First, a little background. Since I teach and have summer’s off, each summer with my step children has had a theme. Painting, reading, math, naps, the Y, and camp have all been themes of our summers. They are a little older now, so I made my own theme this summer and I called it the Phish summer. While working on a school project last week, the first day of summer vacation, I put Phish on Pandora and got lost in the music. While driving, Jam Nation was on the radio and Phish helped me pass the miles. The summer of Phish and by proximity in terms of musical flavor, the Grateful Dead, was born.

My kids had been holding tickets for the show in Camden for many weeks. On Sunday morning, I decided to buy a ticket last minute and then surprise them at the BB&T. Everything went according to plan, although parking was a bit of a hassle. Twenty-seven dollars for a cheeseburger and beer is an abomination…thanks, GUY, you should rethink your branding and gouging strategy. Love your TV show…

The night was perfect, not hot, not humid, sunny and breezy. There was a weirdness about being at the show, but I was totally open to the night. People were walking around with their big blankets, their super expensive margaritas, and an impatience for some whacky tobacky that I’m pretty sure most had already taken in. We got settled on the main vertical path on the lawn which looked like a fairway on the PGA where they let the spectators cross, no grass. Finally, the show started and I was blown away.

An older guy than me jumped to his feet, hit the dirt track, and began some sort of Grateful Dead inspired Tai Chi. He moved through the different movements in time with the music and on several occasions nearly morphed into a break dancer in tie dye. He was in a trance and stole all of the attention of those of us sitting under the blue #3 as opposed to the BIG #3 on the wall. The amazing thing about this guy was that he captivated the crowd more that than tattooed blondie next to him. Her curvaceous sway held no dominion over the scintillating blur that was the Dali dancer. He foretold of the weirdness that would come.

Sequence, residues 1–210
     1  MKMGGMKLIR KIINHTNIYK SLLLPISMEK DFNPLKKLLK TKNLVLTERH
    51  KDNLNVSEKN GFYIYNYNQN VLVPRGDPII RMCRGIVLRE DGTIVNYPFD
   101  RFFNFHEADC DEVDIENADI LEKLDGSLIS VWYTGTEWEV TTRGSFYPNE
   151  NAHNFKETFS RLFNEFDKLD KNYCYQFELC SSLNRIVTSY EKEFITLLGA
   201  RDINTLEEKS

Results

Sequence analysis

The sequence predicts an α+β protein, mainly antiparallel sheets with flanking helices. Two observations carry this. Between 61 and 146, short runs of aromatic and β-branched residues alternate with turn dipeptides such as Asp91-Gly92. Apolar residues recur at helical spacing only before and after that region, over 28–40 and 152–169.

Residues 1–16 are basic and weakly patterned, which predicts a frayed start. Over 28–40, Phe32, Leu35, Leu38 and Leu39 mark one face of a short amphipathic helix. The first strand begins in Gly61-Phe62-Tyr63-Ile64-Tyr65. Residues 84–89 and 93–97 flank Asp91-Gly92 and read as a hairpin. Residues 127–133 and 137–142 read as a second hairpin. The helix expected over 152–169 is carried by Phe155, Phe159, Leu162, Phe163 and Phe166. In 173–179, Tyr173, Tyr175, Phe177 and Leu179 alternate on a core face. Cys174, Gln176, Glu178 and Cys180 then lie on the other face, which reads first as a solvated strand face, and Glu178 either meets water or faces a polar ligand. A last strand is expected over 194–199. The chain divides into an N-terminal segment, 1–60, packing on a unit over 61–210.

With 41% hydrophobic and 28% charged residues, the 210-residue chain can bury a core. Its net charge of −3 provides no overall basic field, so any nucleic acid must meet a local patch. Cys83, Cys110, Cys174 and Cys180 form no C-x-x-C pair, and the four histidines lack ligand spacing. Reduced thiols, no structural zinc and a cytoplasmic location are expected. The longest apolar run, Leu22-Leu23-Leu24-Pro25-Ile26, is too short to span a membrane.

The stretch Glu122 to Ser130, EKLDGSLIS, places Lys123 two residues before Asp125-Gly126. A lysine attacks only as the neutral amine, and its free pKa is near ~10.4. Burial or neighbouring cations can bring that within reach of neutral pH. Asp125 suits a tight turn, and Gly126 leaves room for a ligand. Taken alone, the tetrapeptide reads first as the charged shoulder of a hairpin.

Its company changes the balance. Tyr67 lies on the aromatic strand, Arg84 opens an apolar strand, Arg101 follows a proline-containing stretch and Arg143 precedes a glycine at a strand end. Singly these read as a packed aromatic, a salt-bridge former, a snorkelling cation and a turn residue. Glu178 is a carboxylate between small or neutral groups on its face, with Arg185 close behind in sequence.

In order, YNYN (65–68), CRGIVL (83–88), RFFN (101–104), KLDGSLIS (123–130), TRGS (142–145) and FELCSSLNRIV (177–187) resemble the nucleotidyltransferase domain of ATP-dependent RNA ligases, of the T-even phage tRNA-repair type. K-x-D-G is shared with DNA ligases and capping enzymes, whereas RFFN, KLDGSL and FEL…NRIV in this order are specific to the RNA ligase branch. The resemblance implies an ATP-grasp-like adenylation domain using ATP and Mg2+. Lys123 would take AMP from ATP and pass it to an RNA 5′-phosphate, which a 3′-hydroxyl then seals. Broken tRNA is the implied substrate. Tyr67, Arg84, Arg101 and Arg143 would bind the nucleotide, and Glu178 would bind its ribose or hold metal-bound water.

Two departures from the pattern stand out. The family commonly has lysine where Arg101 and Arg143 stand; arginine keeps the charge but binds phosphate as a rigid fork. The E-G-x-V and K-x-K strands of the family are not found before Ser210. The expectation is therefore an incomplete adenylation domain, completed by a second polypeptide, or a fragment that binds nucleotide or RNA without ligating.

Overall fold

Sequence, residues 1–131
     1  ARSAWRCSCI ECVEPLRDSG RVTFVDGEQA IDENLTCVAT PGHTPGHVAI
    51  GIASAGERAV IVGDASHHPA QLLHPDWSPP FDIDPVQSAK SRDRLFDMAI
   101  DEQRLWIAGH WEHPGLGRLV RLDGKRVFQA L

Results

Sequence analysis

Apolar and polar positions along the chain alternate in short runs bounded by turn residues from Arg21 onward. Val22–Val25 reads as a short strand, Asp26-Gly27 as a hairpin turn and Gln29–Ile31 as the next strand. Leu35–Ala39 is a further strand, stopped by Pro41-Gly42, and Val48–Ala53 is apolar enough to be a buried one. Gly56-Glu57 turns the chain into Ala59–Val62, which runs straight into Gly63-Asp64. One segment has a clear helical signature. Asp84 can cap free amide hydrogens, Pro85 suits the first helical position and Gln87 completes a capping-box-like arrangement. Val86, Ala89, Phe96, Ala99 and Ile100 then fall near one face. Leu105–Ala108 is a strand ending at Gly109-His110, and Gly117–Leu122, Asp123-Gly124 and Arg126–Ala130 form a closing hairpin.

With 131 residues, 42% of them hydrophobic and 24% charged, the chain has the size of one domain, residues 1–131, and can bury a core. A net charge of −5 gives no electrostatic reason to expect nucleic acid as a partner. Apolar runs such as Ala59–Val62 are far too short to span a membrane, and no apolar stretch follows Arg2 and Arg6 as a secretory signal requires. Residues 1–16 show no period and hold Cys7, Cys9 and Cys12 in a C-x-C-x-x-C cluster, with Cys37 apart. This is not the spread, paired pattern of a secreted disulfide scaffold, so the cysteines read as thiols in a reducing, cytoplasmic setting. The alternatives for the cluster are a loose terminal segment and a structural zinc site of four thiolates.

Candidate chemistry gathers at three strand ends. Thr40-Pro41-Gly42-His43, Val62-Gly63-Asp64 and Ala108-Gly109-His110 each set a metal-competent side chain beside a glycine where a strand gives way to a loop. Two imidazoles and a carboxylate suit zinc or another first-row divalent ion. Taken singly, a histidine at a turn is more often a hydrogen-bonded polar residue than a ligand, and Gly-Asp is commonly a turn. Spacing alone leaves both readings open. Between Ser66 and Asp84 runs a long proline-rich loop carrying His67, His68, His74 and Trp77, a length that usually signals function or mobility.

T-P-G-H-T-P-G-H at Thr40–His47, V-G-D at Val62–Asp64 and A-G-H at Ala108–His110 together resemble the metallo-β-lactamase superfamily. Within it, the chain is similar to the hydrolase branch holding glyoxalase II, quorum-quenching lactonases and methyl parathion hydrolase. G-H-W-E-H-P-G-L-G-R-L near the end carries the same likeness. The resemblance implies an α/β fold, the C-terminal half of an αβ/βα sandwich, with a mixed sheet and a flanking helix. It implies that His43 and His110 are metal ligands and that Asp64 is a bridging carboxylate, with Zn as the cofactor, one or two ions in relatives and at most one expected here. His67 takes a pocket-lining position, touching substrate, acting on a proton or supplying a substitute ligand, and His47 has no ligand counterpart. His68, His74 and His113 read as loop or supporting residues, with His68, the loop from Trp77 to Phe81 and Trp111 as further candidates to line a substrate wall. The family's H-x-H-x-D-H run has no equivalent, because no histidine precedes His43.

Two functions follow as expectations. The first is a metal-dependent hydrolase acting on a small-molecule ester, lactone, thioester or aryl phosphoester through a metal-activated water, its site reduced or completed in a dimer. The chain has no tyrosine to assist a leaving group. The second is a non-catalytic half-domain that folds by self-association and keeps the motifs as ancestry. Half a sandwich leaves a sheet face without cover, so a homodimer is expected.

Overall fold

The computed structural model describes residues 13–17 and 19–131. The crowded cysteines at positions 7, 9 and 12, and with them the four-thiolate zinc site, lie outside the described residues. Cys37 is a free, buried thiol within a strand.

I made a decision that was based on large part finances and hopefully, a larger part, maturity, that I was going to enjoy this show in the comforts of sobriety. The notes were crisper, the songs fresh, John Mayer was awesome, and I was able to take in the freak show that was spinning around me with a fertile infatuation. I became so involved in what was happening that I could feel the music and watch everything going on in my little Dead world with razor sharp precision. There was one woman who was bitching the whole time. There was one guy who was the drug dealer for his group. There were easily fifteen bull ring nose piercings, countless shoes without a match, and one father who was getting ready to be dragged back into reality.